Autumn has caught us in our summer wear. - Philip Larkin, British poet
Fall officially begins on Friday. Before you know it, the landscape will silently explode with burgundy, golden yellow, and burnt orange. Baseball season will give way to football. Crispy leaves will fall and drift to the ground, then be raked into piles for children to jump into. Temperatures will drop, the air will turn sharper, and we’ll use these as excuses to enjoy our favorite woolen sweaters. 
Before this arrives, it may be time to start planning for your seasonal storage of clothes. Storing your summer clothes away will help make room for your fall/ winter wardrobe, and help protect your clothes when they’re not in use for six months. To do this, however, you’ll want to make sure of a few things. 
Wash or dry clean your clothes before you store them. This ensures that insects aren’t packed away with your clothes and that any food bits, which can attract insects, will be gone as well. I even give my clean clothes a good shake before they’re actually stored. 
Check the pockets to make sure they’re empty. I also zip up the zippers and button the buttons, just to make sure things are in good order. 
Get muslin or canvas garment bags for your trousers, jackets, and suits. I’ve found that these work better than plastic since they allow your clothes to breathe while keeping the bugs at bay. It’s also recommended that you use hangers with molded shoulders for your jackets and suits. Many people believe that this helps your garments keep their shape, though I’ve read credible sources cast doubt on this claim. Still, I’m not testing the matter with my clothes, so I play it safe. 
For sweaters and shirts, store them in plastic bins with lids. Drill a few holes into the lid so that air can circulate. Failing to do so can create moisture, which in turn can cause mildew. Pack them away with the heaviest items on the bottom, and be sure not to over stuff things, otherwise you’ll ruin the fibers. I also wrap my favorite pieces in acid free tissue paper, but this isn’t terribly necessary.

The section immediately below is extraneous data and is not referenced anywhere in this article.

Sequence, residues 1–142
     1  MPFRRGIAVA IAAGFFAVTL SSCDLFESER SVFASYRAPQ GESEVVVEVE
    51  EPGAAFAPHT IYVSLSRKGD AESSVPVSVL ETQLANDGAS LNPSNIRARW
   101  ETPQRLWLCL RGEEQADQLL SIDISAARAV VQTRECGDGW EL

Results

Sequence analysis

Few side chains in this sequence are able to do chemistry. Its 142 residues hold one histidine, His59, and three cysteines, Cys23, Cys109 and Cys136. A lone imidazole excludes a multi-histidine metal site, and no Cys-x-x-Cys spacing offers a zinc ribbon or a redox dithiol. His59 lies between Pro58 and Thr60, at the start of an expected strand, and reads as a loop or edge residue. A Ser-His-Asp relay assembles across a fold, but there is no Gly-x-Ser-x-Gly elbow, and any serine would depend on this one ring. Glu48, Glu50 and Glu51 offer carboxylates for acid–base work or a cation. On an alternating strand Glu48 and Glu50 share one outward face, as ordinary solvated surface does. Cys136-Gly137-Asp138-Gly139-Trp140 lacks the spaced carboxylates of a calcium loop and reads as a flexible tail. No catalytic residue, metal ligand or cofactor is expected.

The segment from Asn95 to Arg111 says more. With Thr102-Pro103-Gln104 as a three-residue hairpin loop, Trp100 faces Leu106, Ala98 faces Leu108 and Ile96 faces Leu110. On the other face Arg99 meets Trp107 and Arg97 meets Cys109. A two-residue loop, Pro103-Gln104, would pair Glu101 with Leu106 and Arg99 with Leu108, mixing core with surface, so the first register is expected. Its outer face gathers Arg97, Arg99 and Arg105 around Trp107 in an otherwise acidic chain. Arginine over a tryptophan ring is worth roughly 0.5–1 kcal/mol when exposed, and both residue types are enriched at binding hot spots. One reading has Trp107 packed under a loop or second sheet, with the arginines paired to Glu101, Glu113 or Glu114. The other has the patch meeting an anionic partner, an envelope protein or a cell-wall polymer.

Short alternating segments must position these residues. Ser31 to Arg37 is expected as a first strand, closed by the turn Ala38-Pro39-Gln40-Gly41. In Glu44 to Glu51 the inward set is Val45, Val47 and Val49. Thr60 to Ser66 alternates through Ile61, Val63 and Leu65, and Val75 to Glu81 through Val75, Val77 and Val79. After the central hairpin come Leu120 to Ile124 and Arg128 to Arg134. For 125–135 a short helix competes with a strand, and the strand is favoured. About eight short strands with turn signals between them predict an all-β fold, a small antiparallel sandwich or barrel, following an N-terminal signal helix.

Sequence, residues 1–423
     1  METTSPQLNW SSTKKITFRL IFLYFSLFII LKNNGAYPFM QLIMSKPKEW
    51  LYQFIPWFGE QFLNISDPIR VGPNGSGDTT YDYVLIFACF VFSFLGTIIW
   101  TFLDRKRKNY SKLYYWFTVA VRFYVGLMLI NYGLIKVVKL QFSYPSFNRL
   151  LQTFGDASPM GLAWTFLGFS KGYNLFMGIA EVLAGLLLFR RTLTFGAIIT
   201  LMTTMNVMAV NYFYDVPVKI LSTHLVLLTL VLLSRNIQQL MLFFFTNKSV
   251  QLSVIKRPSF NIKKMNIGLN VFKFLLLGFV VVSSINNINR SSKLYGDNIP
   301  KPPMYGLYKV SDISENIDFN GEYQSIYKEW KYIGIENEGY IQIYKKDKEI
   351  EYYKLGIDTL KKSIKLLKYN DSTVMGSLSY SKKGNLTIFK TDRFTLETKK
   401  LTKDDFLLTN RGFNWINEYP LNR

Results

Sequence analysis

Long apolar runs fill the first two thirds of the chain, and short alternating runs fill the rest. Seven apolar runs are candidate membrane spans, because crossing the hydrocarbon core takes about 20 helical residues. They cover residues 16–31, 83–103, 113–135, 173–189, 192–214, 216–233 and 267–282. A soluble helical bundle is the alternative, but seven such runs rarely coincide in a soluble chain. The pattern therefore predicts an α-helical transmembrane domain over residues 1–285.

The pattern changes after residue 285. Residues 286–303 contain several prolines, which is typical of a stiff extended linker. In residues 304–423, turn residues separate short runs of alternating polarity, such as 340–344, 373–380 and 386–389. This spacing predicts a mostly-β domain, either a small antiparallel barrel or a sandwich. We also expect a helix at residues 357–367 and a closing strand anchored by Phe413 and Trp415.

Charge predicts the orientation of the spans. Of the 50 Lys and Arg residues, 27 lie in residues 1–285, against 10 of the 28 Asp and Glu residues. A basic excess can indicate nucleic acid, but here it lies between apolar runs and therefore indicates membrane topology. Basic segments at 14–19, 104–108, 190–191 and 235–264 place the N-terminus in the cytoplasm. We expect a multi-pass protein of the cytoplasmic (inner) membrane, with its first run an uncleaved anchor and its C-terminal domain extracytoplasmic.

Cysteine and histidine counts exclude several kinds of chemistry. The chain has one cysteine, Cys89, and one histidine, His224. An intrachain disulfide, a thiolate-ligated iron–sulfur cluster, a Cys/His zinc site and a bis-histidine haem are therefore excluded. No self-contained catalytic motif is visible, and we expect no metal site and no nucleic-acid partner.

Put cedar balls or lavender in along with your clothes to deter bugs. 
Choose a storage space that is cool and dry. If you don’t, your clothes may develop mold, and if they do, they will have a smell that will be very, very difficult to get out. I’ve had clothes permanently ruined from being stored in damp areas, so be careful. Once you’ve chosen a place, vacuum and clean it out before your store your clothes there. 
If you have silverfish in your home, and you’ve put holes in the lids of your storage bins, put those bins off the floor. This will lower the likelihood of having silverfish snack on your garments. 
Of course, fall arrives in different areas at different times. I hear it’s already raining in New York, while in the Bay Area (where I’m from), September and October are just when things start to get warm. Pack your things away when it makes the most sense for you. 

Autumn has caught us in our summer wear. - Philip Larkin, British poet

Fall officially begins on Friday. Before you know it, the landscape will silently explode with burgundy, golden yellow, and burnt orange. Baseball season will give way to football. Crispy leaves will fall and drift to the ground, then be raked into piles for children to jump into. Temperatures will drop, the air will turn sharper, and we’ll use these as excuses to enjoy our favorite woolen sweaters.